No one wants to have compromised vision. When someone learns that he or she has glaucoma, working to keep functional vision becomes a priority. While there are treatment regimens that help to keep intra-ocular pressure within acceptable perimeters, for many it is only a matter of time before they lose their vision. What if there was a way to repair the damage caused by glaucoma and other eye diseases at the cellular level?
Researchers at Johns Hopkins have found a way to turn human stem cells into retinal ganglion cells. The stem cells used in their study were grown from pluripotent stem cells, which were made from the cells of an adult. While use in humans is many years away, this development shows that stem cells can be utilized to treat those with glaucoma. In addition, stem cells can help researchers develop drug therapies to better treat glaucoma.
Donald Zack, M.D., Ph.D., the Guerrieri Family Professor of Ophthalmology at the Johns Hopkins University School of Medicine, is the co-director of the Johns Hopkins Center for Stem Cells and Ocular Regenerative Medicine. Together with Valentin Sluch, a former Johns Hopkins biochemistry student and now a postdoctoral scholar at Novartis, they were able to edit the stem cells’ DNA so that they would become retinal cells. They also learned that if they add a plant chemical called forskolin on the first day of the process, it improves the cells’ efficiency in becoming retinal cells. (While forskolin is available commercially as a supplement, it has not been scientifically proven to be effective in the treatment or prevention of blindness. So, don’t rush out to stock up on forskolin.)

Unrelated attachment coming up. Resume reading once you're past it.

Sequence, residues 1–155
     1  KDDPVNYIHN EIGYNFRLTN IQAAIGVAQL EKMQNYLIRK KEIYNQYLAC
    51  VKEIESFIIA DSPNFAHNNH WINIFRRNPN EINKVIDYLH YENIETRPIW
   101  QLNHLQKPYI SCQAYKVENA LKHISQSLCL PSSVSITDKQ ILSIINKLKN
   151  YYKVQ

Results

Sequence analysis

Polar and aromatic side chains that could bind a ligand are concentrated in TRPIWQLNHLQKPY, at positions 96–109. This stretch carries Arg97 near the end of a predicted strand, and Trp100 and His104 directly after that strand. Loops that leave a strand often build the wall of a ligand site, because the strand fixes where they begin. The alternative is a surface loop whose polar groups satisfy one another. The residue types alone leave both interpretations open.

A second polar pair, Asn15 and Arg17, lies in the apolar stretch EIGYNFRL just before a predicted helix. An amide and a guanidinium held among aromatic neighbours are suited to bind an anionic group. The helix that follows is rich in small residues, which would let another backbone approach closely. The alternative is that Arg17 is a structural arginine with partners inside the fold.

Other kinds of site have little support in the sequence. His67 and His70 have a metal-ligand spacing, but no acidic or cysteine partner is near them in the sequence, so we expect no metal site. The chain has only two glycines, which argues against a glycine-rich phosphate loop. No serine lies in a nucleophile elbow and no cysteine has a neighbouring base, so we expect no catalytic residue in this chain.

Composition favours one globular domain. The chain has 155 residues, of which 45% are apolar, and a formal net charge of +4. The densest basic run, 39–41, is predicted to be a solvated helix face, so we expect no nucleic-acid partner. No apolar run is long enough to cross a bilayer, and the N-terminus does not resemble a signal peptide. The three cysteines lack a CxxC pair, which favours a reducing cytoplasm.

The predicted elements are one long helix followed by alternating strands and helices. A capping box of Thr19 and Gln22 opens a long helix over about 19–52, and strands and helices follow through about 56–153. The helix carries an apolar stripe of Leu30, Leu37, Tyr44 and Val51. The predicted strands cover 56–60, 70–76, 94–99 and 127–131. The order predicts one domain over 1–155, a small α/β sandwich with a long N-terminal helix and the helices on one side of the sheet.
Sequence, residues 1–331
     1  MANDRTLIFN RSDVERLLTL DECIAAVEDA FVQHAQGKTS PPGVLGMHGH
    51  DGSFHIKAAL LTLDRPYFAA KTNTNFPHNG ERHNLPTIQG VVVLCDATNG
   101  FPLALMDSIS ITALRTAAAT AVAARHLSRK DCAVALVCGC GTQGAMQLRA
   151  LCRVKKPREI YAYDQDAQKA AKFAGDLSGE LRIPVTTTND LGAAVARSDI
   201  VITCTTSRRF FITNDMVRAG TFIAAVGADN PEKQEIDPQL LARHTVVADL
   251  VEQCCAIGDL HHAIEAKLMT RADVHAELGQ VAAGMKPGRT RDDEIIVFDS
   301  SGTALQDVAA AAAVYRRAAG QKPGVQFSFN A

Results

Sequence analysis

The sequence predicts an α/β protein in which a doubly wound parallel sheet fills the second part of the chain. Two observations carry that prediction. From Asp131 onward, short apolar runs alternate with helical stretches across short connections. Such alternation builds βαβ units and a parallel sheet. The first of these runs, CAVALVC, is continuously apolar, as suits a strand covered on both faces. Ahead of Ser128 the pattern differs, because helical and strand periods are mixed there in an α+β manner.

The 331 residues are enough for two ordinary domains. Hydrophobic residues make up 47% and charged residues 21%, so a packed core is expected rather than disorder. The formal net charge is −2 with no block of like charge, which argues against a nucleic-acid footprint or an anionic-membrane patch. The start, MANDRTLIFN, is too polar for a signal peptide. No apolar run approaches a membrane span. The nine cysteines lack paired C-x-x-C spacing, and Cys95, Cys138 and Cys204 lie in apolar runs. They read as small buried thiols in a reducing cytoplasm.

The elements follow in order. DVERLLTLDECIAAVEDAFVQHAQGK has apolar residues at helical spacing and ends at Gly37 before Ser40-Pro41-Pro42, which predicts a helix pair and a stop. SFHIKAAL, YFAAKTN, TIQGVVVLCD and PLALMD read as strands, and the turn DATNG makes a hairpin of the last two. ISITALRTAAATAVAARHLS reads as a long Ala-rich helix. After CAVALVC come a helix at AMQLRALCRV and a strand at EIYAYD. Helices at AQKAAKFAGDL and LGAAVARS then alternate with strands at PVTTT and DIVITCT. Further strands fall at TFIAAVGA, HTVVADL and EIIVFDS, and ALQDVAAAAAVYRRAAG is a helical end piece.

What makes this study unique when compared with other stem cell studies is that now cells can be isolated and studied in pure culture. This wasn’t previously possible. Another great thing about this research is that, if successful, these lab grown retinas can “reset” the clock for persons with glaucoma. That means if a lab grown retina is transplanted into a patient with glaucoma, (which researchers say is not something that will take place in the near future) he or she may still develop glaucoma again, but not for another 10 or 20 years. While the idea of having the same disease twice in a lifetime doesn’t sound so great, current treatments are only able to slow the progression of glaucoma. Getting a second chance at sight will be a welcome development for many.
It looks like stem cell treatment options might be a way to improve outcomes for those with glaucoma. “Our work could lead not only to a better understanding of the biology of the optic nerve, but also to a cell-based human model that could be used to discover drugs that stop or treat blinding conditions,” said Zack.